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United States Patent 9,428,821
Bridgeman ,   et al. August 30, 2016

Gold alloys

Abstract

A gold alloy having, expressed by weight, about 24.5 to 25.5% Au, about 19.0 to 23.0% Ag, about 43.0 to 47.0% Cu, about 6.0 to 10.0% Zn, about 0.05 to 0.30% Si, and about 0.005 to 0.03% Ir. Alternatively, a alloy having, expressed by weight, about 16-17% Au, about 19-23% Ag, about 50-55% Cu, about 6-10% Zn, about 0.05-0.30% Si, and about 0.005-0.03% Ir.


Inventors: Bridgeman; Todd Cleabert (Faribault, MI), Dauck; Suzanne M. (Owatonna, MI)
Applicant:
Name City State Country Type

Bridgeman; Todd Cleabert
Dauck; Suzanne M.

Faribault
Owatonna

MI
MI

US
US
Assignee: Jostens, Inc. (Minneapolis, MN)
Family ID: 1000002072207
Appl. No.: 12/778,868
Filed: May 12, 2010


Prior Publication Data

Document IdentifierPublication Date
US 20100322818 A1Dec 23, 2010

Related U.S. Patent Documents

Application NumberFiling DatePatent NumberIssue Date
61177447May 12, 2009

Current U.S. Class: 1/1
Current CPC Class: C22C 9/00 (20130101); C22C 30/02 (20130101)
Current International Class: C22C 9/00 (20060101); C22C 30/02 (20060101); C22C 5/00 (20060101)
Field of Search: ;148/430-436 ;420/469-512,580-589

References Cited [Referenced By]

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4992297 February 1991 van der Zel
5037708 August 1991 Davitz
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Foreign Patent Documents
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57-152437 Sep 1982 JP
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Other References

Professional translation of JP 57-152437, originally published in the Japanese language on Sep. 20, 1982. cited by examiner .
RD176004, Dec. 1978. cited by examiner .
A.F. Mills and B.H. Chang, "Error Analysis of Experiments: A Manual for Engineering Students," University of California, 2004, pp. 1-49. cited by examiner .
Mozgovoy et al. "Investigation of mechanical, corrosion and optical properties of an 18 carat Au-Cu-Si-Ag-Pd bulk metallic glass", Intermetallics 18, Dec. 2010, pp. 2289-2291. cited by applicant .
Ntukogu et al. "Effect of Palladium on the Tarnishing of Cu-Ag-Au Alloys", Journal of the Less Common Metals, vol. 125, Nov. 1986, pp. 197-205. cited by applicant .
"The Essential Guide to the U.S. Trade in Gold and Silver Jewelry", Jewelers Vigilance Committee, New York, New York, 2008, 10 pages. cited by applicant.

Primary Examiner: Kastler; Scott
Assistant Examiner: Luk; Vanessa
Attorney, Agent or Firm: Winthrop & Weinstine, P.A.

Parent Case Text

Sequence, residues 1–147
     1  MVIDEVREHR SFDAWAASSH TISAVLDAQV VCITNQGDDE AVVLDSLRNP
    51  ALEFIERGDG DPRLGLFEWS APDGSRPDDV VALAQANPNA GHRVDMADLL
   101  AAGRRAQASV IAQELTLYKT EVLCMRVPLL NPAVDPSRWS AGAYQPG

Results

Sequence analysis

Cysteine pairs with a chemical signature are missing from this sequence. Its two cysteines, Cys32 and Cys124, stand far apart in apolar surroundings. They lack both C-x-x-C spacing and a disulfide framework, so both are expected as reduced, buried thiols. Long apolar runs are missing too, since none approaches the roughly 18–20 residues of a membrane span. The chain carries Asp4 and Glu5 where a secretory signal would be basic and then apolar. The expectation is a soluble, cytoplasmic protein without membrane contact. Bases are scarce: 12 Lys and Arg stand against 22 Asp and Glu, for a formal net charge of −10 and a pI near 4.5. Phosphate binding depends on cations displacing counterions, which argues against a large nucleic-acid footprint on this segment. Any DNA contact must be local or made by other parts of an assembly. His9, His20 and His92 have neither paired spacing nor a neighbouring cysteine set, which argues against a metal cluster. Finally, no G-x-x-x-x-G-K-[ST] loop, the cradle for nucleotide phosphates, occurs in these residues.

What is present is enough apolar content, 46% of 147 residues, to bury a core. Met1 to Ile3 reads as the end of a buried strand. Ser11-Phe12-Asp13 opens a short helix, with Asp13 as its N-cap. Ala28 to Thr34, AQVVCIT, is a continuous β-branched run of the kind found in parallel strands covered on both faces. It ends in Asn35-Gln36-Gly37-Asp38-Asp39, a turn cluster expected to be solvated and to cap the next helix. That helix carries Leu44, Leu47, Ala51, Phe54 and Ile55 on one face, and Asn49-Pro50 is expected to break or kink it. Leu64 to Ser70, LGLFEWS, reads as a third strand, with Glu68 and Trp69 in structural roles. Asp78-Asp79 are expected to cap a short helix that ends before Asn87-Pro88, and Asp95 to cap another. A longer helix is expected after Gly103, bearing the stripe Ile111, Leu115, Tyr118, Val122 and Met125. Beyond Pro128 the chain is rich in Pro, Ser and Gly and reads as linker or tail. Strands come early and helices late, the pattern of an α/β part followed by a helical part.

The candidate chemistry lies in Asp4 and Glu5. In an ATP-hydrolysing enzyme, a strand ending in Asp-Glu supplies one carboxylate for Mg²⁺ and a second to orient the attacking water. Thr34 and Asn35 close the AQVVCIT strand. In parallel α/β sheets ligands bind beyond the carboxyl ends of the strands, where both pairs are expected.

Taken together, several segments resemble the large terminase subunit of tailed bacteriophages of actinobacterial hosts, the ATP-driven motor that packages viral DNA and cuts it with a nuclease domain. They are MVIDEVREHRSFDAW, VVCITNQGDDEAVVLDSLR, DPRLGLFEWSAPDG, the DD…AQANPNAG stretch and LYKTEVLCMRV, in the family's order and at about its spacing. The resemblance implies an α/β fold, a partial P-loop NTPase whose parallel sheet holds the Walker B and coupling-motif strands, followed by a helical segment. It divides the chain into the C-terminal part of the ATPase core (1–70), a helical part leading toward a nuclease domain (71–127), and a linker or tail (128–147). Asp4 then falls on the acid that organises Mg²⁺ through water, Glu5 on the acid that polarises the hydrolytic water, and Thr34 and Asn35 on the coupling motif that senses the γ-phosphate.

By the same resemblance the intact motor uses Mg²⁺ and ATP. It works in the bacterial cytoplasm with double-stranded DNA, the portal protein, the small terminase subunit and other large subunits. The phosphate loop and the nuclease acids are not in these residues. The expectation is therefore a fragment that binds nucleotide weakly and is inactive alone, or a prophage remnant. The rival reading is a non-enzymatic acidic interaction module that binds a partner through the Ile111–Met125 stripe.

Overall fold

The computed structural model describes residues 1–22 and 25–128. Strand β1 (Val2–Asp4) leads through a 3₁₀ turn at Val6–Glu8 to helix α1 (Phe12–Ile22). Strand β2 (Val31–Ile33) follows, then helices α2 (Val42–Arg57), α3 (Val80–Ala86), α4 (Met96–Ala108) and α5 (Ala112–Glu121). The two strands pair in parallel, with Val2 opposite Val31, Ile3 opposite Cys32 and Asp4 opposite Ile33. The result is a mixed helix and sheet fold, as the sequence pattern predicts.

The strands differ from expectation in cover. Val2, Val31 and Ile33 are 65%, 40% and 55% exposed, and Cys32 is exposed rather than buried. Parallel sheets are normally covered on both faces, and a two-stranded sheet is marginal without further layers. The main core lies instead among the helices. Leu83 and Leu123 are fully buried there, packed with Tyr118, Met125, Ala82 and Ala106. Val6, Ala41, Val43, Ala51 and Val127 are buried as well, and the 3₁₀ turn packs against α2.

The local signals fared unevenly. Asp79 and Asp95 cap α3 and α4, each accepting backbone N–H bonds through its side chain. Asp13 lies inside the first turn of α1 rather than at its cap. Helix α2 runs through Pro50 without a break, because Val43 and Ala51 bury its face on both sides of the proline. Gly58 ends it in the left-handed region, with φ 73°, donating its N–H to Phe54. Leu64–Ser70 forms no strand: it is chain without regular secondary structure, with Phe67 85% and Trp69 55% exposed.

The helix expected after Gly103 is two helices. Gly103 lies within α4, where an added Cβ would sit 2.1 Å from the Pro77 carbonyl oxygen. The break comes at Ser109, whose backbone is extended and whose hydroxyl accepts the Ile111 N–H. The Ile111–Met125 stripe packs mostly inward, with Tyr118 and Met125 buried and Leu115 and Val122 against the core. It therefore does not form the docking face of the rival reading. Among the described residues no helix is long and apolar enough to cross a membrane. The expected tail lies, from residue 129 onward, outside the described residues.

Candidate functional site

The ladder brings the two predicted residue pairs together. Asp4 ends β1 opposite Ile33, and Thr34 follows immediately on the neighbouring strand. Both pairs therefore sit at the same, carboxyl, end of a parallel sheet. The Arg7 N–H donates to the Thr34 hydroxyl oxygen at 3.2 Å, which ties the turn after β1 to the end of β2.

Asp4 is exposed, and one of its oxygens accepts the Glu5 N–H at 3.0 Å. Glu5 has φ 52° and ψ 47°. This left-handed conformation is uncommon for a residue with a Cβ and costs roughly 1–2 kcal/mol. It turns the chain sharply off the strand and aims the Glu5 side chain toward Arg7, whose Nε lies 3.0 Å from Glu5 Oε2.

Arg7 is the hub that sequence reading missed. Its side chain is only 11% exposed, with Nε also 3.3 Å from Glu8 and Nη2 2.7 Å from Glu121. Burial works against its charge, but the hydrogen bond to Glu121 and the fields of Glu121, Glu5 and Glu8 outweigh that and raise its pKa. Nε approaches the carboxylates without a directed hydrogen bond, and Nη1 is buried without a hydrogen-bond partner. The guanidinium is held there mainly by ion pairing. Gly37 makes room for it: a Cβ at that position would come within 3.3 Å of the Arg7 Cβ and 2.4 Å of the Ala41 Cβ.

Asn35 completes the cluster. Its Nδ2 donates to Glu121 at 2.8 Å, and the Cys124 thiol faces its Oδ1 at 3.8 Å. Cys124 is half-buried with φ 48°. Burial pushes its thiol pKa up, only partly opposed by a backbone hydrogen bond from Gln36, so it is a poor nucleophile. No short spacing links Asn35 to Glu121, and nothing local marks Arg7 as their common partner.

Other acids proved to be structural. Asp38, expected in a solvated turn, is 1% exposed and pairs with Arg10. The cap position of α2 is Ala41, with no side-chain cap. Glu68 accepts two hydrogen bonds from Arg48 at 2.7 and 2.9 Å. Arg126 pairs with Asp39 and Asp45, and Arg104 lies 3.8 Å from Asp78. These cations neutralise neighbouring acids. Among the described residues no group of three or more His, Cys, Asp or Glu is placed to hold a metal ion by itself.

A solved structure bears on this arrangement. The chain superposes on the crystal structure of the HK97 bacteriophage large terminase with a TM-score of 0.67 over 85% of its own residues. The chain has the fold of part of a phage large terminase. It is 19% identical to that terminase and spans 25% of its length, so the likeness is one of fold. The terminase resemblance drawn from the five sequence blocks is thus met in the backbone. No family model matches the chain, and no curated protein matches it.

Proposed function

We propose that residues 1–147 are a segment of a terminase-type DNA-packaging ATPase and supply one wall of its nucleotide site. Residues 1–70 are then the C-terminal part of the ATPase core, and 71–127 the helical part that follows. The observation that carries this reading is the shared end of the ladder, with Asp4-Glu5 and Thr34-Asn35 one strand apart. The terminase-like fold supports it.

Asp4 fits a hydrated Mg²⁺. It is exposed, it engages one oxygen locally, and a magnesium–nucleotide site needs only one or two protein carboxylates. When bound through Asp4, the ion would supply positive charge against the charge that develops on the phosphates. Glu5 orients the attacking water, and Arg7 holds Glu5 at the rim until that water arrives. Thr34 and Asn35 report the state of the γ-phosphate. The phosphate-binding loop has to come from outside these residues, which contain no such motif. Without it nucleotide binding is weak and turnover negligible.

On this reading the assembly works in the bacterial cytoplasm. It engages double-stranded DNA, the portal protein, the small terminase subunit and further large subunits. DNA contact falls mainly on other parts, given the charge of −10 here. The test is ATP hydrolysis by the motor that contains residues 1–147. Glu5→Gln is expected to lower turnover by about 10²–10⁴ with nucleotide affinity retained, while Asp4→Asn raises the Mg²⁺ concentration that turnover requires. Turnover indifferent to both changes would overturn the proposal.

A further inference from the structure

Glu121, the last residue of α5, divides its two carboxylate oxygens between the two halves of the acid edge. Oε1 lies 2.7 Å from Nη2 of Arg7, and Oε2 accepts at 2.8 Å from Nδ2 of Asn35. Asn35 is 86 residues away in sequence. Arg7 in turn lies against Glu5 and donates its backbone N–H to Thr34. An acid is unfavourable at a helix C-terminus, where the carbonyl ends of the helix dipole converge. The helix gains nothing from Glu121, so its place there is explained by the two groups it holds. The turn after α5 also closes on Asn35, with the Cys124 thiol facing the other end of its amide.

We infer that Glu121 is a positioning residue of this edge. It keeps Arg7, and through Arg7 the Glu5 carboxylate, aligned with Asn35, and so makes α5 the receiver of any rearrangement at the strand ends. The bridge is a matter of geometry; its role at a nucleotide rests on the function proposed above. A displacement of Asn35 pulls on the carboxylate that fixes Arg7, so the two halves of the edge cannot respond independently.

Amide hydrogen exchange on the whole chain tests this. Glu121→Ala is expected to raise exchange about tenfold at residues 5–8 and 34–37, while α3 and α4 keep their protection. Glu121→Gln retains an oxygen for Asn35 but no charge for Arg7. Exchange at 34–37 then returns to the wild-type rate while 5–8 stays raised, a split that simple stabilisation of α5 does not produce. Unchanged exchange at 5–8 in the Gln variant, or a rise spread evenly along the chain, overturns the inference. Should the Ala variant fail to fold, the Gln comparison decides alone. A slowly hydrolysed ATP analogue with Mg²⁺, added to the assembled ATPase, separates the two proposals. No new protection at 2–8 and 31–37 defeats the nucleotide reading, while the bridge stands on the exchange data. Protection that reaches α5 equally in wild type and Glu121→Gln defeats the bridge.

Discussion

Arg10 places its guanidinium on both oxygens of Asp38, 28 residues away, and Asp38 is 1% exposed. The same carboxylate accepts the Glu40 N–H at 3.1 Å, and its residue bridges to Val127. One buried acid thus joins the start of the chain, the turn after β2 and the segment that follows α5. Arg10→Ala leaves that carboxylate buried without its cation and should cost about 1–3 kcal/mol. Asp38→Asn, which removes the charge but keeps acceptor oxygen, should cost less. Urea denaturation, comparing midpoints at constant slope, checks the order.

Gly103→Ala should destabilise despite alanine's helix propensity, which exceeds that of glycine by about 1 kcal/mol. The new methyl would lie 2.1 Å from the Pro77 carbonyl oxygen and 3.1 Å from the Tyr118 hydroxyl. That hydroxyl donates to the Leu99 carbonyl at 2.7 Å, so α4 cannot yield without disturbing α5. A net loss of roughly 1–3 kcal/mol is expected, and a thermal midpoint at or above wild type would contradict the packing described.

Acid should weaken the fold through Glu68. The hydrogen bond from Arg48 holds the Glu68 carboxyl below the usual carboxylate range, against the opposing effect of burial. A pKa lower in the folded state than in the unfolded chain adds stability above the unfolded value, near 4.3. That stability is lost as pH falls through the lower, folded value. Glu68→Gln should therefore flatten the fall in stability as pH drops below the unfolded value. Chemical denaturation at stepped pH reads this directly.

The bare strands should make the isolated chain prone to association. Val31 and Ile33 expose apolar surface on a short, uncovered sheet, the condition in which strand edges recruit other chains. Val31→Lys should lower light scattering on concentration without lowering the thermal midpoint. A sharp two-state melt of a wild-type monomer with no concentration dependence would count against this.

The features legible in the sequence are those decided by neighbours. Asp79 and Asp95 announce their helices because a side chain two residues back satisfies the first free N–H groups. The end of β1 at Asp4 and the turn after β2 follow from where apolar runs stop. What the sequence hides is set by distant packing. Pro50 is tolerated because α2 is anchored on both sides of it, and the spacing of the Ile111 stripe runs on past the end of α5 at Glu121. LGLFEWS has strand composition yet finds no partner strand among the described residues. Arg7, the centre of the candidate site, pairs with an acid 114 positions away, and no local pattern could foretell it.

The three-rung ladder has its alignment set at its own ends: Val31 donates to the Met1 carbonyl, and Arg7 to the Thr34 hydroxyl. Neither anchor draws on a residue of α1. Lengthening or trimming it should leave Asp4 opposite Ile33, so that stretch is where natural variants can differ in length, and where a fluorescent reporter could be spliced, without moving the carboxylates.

CROSS REFERENCE TO RELATED APPLICATIONS

This application claims the benefit of U.S. Patent Application No. 61/177,447, filed May 12, 2009, the contents of which are hereby incorporated in their entirety by reference.
Claims



What is claimed is:

1. A very low karat gold alloy comprising, expressed by weight: no less than 24.5% Au; no less than 19.0% Ag; no less than 43.0% Cu; no less than 6.0% Zn; no less than 0.05% Si; and no less than 0.005% Ir.

2. A very low karat gold alloy comprising, expressed by weight: about 24.5 to 25.5% Au; about 19.0 to 23.0% Ag; about 43.0 to 47.0% Cu; about 6.0 to 10.0% Zn; about 0.05 to 0.30% Si; and about 0.005 to 0.03% Ir.

3. The alloy of claim 2 comprising, expressed by weight: about 25.0% Au; about 21.0% Ag; about 44.9% Cu; about 8.83% Zn; about 0.17% Si; and about 0.02% Ir.

4. The alloy of claim 2, wherein the alloy has CIELab coordinate values of about 89.0 to 90.0 L, about 1.5 to 2.5 a, about 17.5 to 18.5 b, about 17.5 to 19.0 c, and about 34.0 to 35.5 YI.

5. The alloy of claim 2, wherein the alloy has a tarnish-resistance value of about 15 to 30 DE by sulfur and about 35 to 45 DE by chlorine.

6. The alloy of claim 2, wherein the alloy has an annealed hardness of about 120 to 130 HV.sub.0,2 when annealed by heating to a temperature of about 600.degree. C. in a non-oxidizing atmosphere, held at that temperature for about 30 minutes, and then quenched in water; and about 130 to 180 HV.sub.0,2 when age hardened by heating to a temperature of about 250.degree. C., held at that temperature for about ninety minutes, and then allowed to cool to room temperature.

7. The alloy of claim 2, wherein the alloy has a tensile strength value of about 470 to 515 N/mm.sup.2.

8. The alloy of claim 2, wherein the alloy has a yield strength value of about 345 to 365 N/mm.sup.2.

9. The alloy of claim 2, wherein the alloy has an elongation value of about 22 to 25 A %.

10. The alloy of claim 2, wherein the alloy has a grain size of about 880 to 930 .mu.m.
Description



BACKGROUND

Gold alloys, particularly 14 karat gold and 10 karat gold are widely used in the manufacture of rings and other articles of jewelry. The properties and characteristics of such gold alloys, such as, for example, color, tarnish resistance, corrosion resistance, workability, and castability are highly desired for jewelry purposes.

The cost of the gold for such alloys accounts for a substantial portion of the overall manufacturing costs. Therefore, a gold alloy having a reduced gold content, which has the properties, characteristics, and appearance of gold alloys of higher gold content is desirable.

SUMMARY

A low or very low karat gold alloy which exhibits the appearance and physical properties of 10 karat or higher gold alloys. The alloy may have, expressed by weight, about 24.5 to 25.5% Au, about 19.0 to 23.0% Ag, about 43.0 to 47.0% Cu, about 6.0 to 10.0% Zn, about 0.05 to 0.30% Si, and about 0.005 to 0.03% Ir. Alternatively, the alloy may have, expressed by weight, about 16-17% Au, about 19-23% Ag, about 50-55% Cu, about 6-10% Zn, about 0.05-0.30% Si, and about 0.005-0.03% Ir.

DETAILED DESCRIPTION

The illustrative embodiments described in the detailed description, and the claims are not meant to be limiting. Other embodiments may be utilized, and other changes may be made, without departing from the spirit or scope of the subject matter presented herein. It will be readily understood that the aspects of the present disclosure, as generally described herein, may be arranged, substituted, combined, separated, and designed in a wide variety of different configurations, all of which are explicitly contemplated herein.